What if something happened to the Monarchs in Mexico during winter? Their overwintering habitat shrinks by the day and we can't do anything about that. But we may be able to keep another population going as sort of a reserve in case God forbid...
Wouldn't Asclepias currasavica be a good thing to grow?

    Bookmark   March 27, 2013 at 2:21PM
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KC Clark - Zone 2012-6a OH

Monarchs are not endangered. They live in many places across the world. The continental US has populations in California and Florida that do not participate in the migration to Mexico. So, even if the whole overwintering population went up in smoke, there are still many monarchs out there.

Went to see Flight of the Butterflies 3D today. Awesome movie. Shows why the monarchs are so special to us: the migration.

In the movie, they called the butterflies that fly south to Mexico the "Super Generation." They depend on stored fat to survive the migration and the winter in Mexico.

Scientists have shown that monarchs raised on tropical milkweed develop quicker and weigh less. Their hypothesis is migrating butterflies that were raised on tropical milkweed are less likely to be able to live through the migration, especially if weather conditions are less than ideal. Whether their hypothesis can ever be proven remains to be seen but I'm buying the hypothesis and believe it is another reason not to plant tropical milkweed.

    Bookmark   March 27, 2013 at 8:09PM
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Leafhead

Wow...
I wonder how many other Asclepias spp affect the Monarchs this way. Are you familiar c A. physocarpus Oscar? I was thinking of trying this one but now I have trepidations...
.

    Bookmark   March 28, 2013 at 3:42AM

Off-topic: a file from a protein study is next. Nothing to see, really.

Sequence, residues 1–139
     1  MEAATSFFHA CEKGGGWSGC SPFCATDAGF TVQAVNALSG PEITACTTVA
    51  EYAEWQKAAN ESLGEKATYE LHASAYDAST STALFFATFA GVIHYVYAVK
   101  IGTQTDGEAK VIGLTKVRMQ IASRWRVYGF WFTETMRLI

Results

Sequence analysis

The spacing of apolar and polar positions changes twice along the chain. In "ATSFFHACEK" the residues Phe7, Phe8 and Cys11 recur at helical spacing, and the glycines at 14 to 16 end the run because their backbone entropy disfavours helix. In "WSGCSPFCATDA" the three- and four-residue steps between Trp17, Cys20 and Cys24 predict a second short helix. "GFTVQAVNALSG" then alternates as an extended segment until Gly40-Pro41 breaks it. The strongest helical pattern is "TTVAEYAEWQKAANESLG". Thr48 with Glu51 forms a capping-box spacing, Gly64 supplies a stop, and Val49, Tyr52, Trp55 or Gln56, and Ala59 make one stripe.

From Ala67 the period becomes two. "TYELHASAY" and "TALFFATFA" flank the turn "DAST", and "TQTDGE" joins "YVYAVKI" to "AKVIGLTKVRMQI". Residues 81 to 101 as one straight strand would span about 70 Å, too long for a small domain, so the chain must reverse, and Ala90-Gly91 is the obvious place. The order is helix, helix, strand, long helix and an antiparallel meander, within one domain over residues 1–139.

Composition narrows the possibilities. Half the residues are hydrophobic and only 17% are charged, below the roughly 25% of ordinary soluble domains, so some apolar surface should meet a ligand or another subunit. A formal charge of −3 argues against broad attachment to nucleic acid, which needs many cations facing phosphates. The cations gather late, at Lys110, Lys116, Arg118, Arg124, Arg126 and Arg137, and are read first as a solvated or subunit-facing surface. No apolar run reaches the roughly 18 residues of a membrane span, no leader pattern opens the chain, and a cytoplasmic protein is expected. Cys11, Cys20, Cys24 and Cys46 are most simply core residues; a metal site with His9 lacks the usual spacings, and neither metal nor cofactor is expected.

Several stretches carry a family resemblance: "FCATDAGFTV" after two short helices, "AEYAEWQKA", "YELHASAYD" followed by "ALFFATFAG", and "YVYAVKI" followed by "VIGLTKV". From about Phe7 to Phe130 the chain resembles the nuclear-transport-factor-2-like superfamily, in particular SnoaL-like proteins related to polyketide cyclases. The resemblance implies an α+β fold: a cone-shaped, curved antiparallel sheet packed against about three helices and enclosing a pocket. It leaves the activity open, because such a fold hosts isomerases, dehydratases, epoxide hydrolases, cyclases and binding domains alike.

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mary_littlerockar(8a-7b mid Arkansas)

I wonder if it's better to do nothing if one cannot always provide the 'best'. Would that be better than providing what you can raise and hope some are strong enough to survive? In my growing area, except for the native butterfly weed, most of my other mw varieties have declined drastically by the fall migration. I have, in the past, fed the fall monarch cats with what I had on hand, which was almost always tropical mw. Now, with the success of Oscar in my area, I was able to feed my fall cats last fall with Oscar. Tropical mw also is still blooming in the fall, which provides much needed nectar at this time of the year.

My feeling, do the best you can. If the preferred mw will survive your summers and be available for the fall migration, then provide it. If not, do the best you can and hope some of the little jewels survive for the next generation.

Mary

    Bookmark   March 28, 2013 at 10:41AM
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Leafhead

Absolutely. And for the folks in SoFla: There is a species of Giant milkweed (Calotropsis gigantea) that grows 8' tall x 8' wide. It'll feed a lot of cats, Queens (Danaus gilippus), too!! That far south, I've even seen some Tropic Queens (Danaus eresimus)
Also, there's White Vine (Sarcostemma clausum), which is salt tolerant and satisfies all three Danaus species. White Vine is also native to Florida.

    Bookmark   March 28, 2013 at 11:19AM
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KC Clark - Zone 2012-6a OH

The northern migration supposedly happens because the monarchs are moving north as milkweed develops. They are following the development of the crop they need. When the weather turns and the milkweed is in decline, the monarchs head south for Mexico. They are sexual diapause. Under normal circumstances, they are not going to find any fresh milkweed to entice them to stop, mate, and lay eggs. But we don't have normal circumstances anymore since we are planting non-native milkweeds that are still in good shape during the southern migration.

The monarchs migrating south do not milkweed. They need nectar plants that are flowering at that time. In my neck of the woods, goldenrod seems to be their favorite wild choice.

To me, planting plants that are native to your area takes the guesswork out of the whole situation.

    Bookmark   March 28, 2013 at 5:51PM
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KC Clark - Zone 2012-6a OH

An acquaintance of mine wrote a small article on why planting native plants in Ohio is a good idea. It is at the top of page 10. The paragraph titled "Why Should I Use Native Plants in My Yard?" is info I'm guessing most of us have seen but may need a refresher on.

Here is a link that might be useful: The Central Ohio Sierran - April/June 2013

    Bookmark   March 31, 2013 at 12:24PM